Soil Sampling and Analysis

Baseline soil samples were obtained in July 1998 and plots were thereafter re-sampled at approximately 3-year intervals in May 2001, April 2004, and in May 2007. The initial sampling location was in the center of each subplot. Subsequent soil samples were offset a fixed distance from each subplot or sub-subplot center to prevent re-sampling of a previous sampling site from which soil had been removed. Sample collection was done using the procedures described by Follett et al. [33]. In brief, the plant material was removed from the soil surface and then, using a flat-bladed shovel, undercutting and removing the soil from the 0–5, 5–10, and 10–30 cm depths. Samples were also collected from the 30–60, 60–90, 90–120, and 120–150 cm depths at the July 1998 and May 2007 sampling dates using a hydraulic probe. Soil bulk densities were determined using the USDA-NRCS National Soils Laboratory methods [34]. The standardized procedure (Soil Survey Laboratory method 3B1) to measure bulk density requires collection of field occurring fabric (clods), coating them with Saran F-310 in the field (NRCS 2004; Soil Survey Laboratory method 3B), transport to the laboratory, and desorption to 33 kPa (1/3 bar). After reaching equilibrium, the clod is weighed in air to measure mass and in water to measure its volume, and next dried at 110°C (230°F) with its mass and volume again determined. A correction is made for mass and volume of rock fragments and the plastic coating with the BD value reported for <2 mm (0.079in) soil fabric.

Once samples were collected they were sieved through a 2 mm sieve and <2 mm plant material picked from the soil, air dried (room temperature), subsampled, mechanically ground to pass through a 0.2-mm sieve, and the subsamples were stored in sealed glass containers with screw type lids. All soils were checked for carbonates and in the very few cases where carbonates existed they were removed prior to analyses for organic C using accepted procedures [35,36]. All analyses were on an oven dry weight (55°C). The methodology is such that both the isotopic C analyses and the analyses for the total SOC are done at the same time for the same sample.

A subsample of soil from each layer was sieved (2 mm sieve size) and picked free of remaining recognizable plant and root fragments under ×20 magnification. Soil samples were oven dried (55°C), finely ground, and then analyzed for total SOC and 13C/12C isotope ratio. All samples were analyzed for total SOC and 13C/12C isotope ratio using a continuous-flow Europa Scientific 20–20 Stable Isotope Analyzer (isotope ratio mass spectrometer) interfaced with Europa Scientific ANCA-NT system (automated nitrogen carbon analyzer) Solid/Liquid Preparation Module (Dumas combustion sample preparation system) (Europa Scientific, Crewe Cheshire, UK—Sercon Ltd.). Soil organic C was calculated using the C concentration (%), soil bulk density (g cm3), and thickness for each individual sampled soil layer and then summed over layers. Soil organic C on an equivalent masses basis (SOC-EMB) also was calculated using the method of Ellert et al. [37]. The 120 cm soil depth data were used to make direct comparisons between both calculation methods in Table 1 and Supplementary Figs. S1 and S2. Procedures to calculate the C3 and C4 components of the SOC using δ13C (‰) are described by Deines [38] and Follett et al. [33,39]. For the purposes of this report, results from the 0–5, 5–10, and 10–30 cm depths were combined.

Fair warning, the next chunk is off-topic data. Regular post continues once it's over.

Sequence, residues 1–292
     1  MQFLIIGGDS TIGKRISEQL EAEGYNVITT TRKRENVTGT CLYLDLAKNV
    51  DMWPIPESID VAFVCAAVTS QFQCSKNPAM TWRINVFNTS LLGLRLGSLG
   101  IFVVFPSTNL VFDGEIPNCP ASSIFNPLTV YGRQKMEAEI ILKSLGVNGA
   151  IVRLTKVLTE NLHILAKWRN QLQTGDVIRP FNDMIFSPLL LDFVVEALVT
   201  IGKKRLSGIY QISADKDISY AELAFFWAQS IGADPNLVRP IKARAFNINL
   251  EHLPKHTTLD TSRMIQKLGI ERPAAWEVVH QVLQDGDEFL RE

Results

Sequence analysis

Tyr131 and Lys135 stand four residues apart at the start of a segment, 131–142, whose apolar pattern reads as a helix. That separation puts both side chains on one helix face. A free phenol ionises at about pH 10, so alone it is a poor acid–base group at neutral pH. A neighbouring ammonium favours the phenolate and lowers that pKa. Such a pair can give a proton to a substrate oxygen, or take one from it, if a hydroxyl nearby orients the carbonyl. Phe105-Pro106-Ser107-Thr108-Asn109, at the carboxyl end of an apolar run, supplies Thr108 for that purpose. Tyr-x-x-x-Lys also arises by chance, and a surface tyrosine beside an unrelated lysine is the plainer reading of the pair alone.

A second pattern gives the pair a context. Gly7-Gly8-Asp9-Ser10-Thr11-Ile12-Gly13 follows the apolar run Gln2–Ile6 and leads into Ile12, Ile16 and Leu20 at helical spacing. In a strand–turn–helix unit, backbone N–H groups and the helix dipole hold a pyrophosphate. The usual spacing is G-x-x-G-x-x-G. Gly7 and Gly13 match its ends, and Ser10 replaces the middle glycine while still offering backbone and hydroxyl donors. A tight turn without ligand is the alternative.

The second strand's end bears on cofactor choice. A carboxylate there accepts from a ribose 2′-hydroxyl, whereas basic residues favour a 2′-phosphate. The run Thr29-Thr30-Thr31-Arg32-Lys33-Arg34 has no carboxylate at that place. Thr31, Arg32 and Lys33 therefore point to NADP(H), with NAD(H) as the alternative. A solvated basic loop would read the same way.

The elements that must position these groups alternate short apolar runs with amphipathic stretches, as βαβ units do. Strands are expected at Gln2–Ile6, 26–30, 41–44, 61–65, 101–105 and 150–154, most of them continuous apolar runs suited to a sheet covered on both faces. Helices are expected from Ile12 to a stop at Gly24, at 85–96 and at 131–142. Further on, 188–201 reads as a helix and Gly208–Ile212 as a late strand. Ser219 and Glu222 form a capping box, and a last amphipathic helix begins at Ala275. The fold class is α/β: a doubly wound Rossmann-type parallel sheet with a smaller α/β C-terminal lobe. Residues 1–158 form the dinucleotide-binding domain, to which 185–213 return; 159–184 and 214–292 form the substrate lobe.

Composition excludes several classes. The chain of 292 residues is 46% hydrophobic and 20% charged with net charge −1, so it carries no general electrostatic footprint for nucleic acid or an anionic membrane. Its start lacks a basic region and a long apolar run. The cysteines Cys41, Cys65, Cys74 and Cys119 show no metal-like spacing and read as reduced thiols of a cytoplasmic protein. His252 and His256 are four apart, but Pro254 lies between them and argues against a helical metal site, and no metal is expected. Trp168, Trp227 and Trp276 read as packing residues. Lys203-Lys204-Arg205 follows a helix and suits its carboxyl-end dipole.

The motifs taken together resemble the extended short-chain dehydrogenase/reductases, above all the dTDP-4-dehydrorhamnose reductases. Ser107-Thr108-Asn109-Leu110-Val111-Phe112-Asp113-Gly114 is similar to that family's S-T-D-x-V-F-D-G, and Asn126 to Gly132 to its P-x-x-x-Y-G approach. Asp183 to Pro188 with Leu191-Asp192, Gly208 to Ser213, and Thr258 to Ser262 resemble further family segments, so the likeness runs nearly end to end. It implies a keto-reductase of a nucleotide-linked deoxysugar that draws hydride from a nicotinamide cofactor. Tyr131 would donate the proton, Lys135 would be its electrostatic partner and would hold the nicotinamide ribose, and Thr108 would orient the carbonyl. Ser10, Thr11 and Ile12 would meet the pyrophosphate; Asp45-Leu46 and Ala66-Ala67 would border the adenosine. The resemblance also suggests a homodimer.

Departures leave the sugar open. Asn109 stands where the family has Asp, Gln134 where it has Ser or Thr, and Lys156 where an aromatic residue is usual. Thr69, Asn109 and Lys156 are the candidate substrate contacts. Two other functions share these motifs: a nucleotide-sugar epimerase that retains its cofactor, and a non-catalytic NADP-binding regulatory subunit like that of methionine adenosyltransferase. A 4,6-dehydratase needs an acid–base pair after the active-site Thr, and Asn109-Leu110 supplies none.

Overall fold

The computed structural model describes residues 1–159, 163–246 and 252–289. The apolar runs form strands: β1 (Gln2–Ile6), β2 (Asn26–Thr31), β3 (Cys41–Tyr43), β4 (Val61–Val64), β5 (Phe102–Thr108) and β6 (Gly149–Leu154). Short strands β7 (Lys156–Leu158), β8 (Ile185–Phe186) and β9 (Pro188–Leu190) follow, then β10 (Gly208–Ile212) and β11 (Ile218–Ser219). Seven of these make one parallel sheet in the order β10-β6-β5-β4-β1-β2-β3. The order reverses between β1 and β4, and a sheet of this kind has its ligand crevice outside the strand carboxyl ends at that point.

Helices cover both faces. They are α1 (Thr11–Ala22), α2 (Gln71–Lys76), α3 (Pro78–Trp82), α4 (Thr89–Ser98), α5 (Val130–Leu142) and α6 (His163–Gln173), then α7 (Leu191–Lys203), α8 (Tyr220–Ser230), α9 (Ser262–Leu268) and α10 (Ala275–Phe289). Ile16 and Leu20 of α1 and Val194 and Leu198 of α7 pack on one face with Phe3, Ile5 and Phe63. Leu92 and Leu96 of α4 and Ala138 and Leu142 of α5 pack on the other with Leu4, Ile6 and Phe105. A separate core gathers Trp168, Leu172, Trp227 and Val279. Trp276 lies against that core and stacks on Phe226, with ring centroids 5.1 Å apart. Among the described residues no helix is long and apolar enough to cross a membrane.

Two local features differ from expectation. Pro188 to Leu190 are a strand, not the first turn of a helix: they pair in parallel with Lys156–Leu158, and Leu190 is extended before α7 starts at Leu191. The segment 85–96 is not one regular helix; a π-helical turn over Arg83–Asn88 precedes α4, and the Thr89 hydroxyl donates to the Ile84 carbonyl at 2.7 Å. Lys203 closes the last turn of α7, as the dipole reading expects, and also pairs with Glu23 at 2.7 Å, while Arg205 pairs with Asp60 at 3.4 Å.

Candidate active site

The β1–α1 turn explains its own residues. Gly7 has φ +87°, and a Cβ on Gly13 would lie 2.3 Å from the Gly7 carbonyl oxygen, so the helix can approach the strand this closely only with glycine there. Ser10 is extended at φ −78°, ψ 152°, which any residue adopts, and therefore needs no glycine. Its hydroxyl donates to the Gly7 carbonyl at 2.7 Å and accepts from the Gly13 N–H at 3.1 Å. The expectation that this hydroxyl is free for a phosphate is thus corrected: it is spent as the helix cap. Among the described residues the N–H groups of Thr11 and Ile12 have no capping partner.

Table 1

Mean, standard deviation, and range values for soil carbon (SOC) and soil organic carbon on an equivalent mass basis (SOC EMB) for switchgrass and maize plots at the initiation of the carbon sequestration study in 1998

 

SOC by depth in 1998

SOC EMB in 1998

0–30 cm

0–120 cm

0–150 cm

0–60 cm

0–90 cm

0–120 cm

Mg C ha−1

Mg C ha−1

Mean

49.4

120.8

133.0

80.9

103.7

116.6

Standard deviation

11.8

63.2

72.5

32.7

49.3

59.4

Range minimum

30.2

57.8

60.1

40.2

51.2

56.4

Range maximum

72.9

250.0

287.4

152.4

214.5

242.8

The 0–120 cm depths can be used to make comparison between methods

δ13C Analysis

Switchgrass and maize are both C4 plants that utilize the Hatch-Slack enzymatic pathway that is dominated by PEP-carboxylase which produces a C isotope fractionation between the CO2 in the air (currently about −8 mil (‰ = 1/1,000 th) [40], and about −6.5‰ from the pre-industrial period back 10,000 years [41] and the plant of about −4‰. The instrumental measurement of δ13C values are expressed relative to a calcium carbonate standard known as PDB from the Cretaceous Pee Dee formation in South Carolina [42]. Sign of δ13C indicates whether a sample has higher or lower 13C/12C isotope ratio than PDB. This pathway fractionates the isotopic composition of the plant so that a typical δ13C of C4 (warm season) plants relative to PDB is about −11 to −13‰ [38,39]. In contrast, the dominant photosynthetic pathway of C3 (or cool-season plants) is Calvin–Benson, whereby the enzyme RuBP carboxylase produces a carbon isotope fractionation between the air and the plant of about −18 ‰ so that the δ13C of C3 plants relative to PDB is about −26 to −27 [36,38]. These differences make it feasible to determine the plant source (C4 or C3) of SOC using mass-spectrometric analyses.

Equation 1 expresses 13C/12C ratio as δ13C, which has “per mil” (‰) units. By convention, δ13C values are expressed relative to the PDB calcium carbonate standard [40]. The sign of δ13C indicates whether a sample has a higher or lower 13C/12C isotope ratio than does PDB.
Besides measurements of total C and δ13C, fraction and weight of C originating from C3 plants and C4 plants were calculated based upon the mass of SOC and measured δ13C values (Eq. 1) of soil samples collected at the first and last soil sample collections, using Eqs. 2 and 3, and the δ13C of C3 and C4 plant material [39].